#24 The Voice of Libyan Women, M.D. Alaa Murabit

“If you work towards human rights, you will get security and stability, they’re one and the same.”


At the age of 15, Alaa moved from Saskatoon, Canada to Zawia, Libya. She enrolled into medical school and founded The Voice of Libyan Women (VLW) in 2011 at the age of 21. With a strong focus on challenging societal and cultural norms and utilizing traditional and historical role models, Alaa champions women’s roles in peace processes and conflict mediation. She's been nicknamed “The Libyan Doogie Howser” by Jon Stewart and applauded by Oprah for her innovative approach to security. Alaa acts as an advisor to numerous international security boards, think tanks and organisations. This includes the UN Security Council Resolution 1325 (women, peace and security) Global Advisory Board, UN Women Global Advisory Board and Harvard University’s “Everywoman, Everywhere” initiative. She’s the first Ashoka Fellow elected from Libya and the youngest recipient of the Marisa Bellisario International Humanitarian Award by the Italian Government. Alaa was named the “International Trust Women Hero 2014” by The New York Times and “One of 25 women under 25 to watch” by Newsweek. She’s been selected as a “100 Top Woman” by the BBC and the SAFE Global Hero. In March 2015 Alaa was selected as the inaugural civil society speaker at the official Commission on the Status of Women’s opening session.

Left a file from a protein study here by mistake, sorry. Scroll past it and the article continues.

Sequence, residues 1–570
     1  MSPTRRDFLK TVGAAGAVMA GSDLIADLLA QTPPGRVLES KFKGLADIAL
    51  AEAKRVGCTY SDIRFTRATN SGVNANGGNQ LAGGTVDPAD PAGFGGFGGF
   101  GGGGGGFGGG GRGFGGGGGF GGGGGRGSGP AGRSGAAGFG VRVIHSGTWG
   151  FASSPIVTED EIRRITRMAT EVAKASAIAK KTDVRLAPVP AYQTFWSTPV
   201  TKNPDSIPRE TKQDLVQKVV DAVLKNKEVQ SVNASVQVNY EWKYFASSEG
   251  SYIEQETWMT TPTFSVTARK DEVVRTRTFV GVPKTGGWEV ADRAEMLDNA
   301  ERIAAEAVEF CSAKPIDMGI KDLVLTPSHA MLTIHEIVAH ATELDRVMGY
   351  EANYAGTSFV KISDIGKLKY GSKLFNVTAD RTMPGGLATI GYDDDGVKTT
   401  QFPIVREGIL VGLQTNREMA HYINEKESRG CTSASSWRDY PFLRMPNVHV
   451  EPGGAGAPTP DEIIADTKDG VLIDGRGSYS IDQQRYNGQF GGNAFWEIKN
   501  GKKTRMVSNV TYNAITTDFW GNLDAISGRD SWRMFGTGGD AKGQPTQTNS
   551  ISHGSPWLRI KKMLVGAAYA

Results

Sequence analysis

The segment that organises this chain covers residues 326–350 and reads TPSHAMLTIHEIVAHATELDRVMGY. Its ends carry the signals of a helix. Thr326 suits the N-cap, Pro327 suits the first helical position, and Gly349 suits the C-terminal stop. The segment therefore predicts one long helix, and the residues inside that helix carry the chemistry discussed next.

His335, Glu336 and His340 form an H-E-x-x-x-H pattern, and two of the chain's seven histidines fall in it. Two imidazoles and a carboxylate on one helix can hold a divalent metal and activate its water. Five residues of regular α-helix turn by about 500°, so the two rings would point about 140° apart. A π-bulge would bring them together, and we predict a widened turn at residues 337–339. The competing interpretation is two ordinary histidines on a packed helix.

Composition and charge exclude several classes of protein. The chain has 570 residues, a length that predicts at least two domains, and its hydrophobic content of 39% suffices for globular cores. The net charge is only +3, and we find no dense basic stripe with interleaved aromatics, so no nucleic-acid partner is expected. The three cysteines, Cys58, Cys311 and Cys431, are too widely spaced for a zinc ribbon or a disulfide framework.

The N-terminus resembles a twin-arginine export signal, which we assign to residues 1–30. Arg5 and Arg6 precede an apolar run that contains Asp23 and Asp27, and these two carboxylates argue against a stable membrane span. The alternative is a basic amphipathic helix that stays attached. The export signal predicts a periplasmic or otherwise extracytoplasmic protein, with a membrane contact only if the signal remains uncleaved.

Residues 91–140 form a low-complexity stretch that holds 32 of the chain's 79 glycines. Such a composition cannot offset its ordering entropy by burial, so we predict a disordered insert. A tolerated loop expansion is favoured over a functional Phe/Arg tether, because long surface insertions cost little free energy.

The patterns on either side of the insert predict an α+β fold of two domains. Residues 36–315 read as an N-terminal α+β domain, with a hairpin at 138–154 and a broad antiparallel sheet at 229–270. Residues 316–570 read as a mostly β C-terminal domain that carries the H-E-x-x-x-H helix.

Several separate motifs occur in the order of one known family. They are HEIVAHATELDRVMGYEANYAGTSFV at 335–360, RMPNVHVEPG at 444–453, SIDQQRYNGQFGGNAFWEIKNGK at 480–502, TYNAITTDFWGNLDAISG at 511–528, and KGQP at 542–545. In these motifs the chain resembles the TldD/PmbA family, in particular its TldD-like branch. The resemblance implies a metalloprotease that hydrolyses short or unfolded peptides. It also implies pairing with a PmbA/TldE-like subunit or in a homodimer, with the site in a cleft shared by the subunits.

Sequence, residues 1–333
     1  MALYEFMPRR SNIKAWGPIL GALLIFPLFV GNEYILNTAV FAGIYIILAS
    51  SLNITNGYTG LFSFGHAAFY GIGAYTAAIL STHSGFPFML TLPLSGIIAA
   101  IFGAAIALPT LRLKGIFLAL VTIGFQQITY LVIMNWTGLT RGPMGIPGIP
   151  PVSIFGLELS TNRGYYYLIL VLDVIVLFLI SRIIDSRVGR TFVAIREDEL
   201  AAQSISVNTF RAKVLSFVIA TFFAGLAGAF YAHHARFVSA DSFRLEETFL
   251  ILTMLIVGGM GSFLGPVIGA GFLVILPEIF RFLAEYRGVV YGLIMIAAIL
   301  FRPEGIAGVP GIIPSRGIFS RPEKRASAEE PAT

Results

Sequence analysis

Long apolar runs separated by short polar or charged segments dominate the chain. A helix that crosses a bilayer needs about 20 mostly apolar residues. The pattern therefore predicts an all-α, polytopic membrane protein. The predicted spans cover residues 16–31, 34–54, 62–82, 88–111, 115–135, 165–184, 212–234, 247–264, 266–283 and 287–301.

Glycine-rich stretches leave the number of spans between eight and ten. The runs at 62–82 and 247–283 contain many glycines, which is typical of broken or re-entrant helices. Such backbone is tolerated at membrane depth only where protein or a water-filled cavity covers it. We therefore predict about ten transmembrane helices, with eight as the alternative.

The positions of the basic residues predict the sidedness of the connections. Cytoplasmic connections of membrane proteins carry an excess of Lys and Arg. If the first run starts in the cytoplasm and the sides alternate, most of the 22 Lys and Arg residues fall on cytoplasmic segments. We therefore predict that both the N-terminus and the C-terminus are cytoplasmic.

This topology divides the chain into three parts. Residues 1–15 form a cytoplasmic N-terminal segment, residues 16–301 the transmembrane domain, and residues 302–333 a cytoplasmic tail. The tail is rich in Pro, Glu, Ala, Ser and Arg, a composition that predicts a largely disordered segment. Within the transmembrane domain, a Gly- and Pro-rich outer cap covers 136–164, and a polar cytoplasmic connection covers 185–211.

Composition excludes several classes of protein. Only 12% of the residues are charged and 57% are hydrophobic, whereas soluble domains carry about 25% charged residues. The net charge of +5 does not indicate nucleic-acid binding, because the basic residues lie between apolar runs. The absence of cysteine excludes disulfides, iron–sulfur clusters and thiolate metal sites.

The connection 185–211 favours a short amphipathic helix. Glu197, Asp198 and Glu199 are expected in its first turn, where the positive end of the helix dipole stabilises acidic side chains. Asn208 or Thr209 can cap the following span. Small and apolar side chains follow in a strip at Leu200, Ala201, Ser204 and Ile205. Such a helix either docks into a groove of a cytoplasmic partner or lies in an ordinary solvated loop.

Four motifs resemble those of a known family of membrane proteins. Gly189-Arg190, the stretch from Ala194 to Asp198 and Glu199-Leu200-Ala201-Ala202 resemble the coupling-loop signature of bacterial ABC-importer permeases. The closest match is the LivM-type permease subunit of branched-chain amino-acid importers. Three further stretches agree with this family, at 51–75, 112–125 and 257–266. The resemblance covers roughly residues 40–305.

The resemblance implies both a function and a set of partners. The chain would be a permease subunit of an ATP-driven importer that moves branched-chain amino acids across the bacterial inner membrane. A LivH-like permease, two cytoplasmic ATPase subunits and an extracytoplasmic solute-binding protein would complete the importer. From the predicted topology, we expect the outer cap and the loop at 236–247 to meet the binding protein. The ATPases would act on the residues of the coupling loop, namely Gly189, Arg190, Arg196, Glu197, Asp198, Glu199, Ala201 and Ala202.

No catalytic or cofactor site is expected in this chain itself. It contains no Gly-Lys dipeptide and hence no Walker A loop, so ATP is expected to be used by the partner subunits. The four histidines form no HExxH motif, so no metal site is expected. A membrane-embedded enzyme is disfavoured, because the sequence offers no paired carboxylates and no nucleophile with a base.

VLW was founded in August 2011 as a result of the February 17 Revolution which renewed the hope for equality in Libya, but also renewed the hope of the Libyan society as a whole in their basic human rights, including women’s rights. VLW has grown considerably since its founding, but remain a youth-led organisation. As a group of young Libyan women from different backgrounds, VLW’s ultimate goal is to advocate for an increased investment into one of Libya’s greatest resources which unfortunately has yet to receive the attention it deserves; women. VLW aims to represent the women of Libya, who despite being more than half of the population, VLW argues in many cases are treated as second class citizens. VLW believe that in Libya, where democracy, rights and even respect for its citizens has been stifled, now more than ever is the time for women to raise their voices.


Alaa Murabit

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The Voice of Libyan Women

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